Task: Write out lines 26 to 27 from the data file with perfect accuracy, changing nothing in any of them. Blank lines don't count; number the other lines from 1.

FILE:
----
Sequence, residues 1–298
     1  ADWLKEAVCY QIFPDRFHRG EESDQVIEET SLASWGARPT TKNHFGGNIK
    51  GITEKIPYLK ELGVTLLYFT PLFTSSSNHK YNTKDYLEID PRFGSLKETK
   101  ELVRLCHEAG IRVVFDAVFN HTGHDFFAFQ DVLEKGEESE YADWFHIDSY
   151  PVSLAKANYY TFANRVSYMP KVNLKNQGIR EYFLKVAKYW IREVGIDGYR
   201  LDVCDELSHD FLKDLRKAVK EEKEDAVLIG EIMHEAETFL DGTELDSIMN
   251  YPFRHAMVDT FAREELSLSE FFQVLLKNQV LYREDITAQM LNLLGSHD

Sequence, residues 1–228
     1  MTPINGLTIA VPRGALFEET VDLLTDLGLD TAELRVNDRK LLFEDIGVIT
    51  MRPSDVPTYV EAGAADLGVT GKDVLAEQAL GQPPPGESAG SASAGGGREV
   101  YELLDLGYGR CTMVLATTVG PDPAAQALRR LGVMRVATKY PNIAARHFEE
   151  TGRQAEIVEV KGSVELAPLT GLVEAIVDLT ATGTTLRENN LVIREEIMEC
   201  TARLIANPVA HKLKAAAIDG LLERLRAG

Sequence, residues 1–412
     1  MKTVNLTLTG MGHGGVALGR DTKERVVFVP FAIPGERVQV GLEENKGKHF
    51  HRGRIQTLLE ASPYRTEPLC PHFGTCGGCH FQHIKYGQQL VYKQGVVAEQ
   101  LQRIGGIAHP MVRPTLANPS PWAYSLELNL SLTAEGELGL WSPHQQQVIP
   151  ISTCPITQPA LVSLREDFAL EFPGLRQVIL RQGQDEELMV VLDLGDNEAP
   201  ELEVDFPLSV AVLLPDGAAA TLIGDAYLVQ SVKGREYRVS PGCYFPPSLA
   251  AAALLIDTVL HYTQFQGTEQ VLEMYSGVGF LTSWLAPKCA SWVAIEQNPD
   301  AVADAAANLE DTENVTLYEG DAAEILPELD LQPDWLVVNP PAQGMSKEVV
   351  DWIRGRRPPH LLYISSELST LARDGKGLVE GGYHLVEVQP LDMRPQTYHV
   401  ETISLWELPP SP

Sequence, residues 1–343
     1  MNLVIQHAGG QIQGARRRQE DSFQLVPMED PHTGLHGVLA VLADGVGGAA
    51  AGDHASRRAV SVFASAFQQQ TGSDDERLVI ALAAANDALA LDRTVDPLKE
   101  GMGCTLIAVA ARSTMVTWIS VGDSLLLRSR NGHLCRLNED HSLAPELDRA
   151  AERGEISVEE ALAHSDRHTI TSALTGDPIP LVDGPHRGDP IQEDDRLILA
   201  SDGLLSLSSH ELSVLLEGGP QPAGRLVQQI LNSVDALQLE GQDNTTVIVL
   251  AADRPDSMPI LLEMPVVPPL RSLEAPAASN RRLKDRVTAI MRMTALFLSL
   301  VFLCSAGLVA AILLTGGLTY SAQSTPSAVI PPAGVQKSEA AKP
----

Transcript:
    51  AGDHASRRAV SVFASAFQQQ TGSDDERLVI ALAAANDALA LDRTVDPLKE
   101  GMGCTLIAVA ARSTMVTWIS VGDSLLLRSR NGHLCRLNED HSLAPELDRA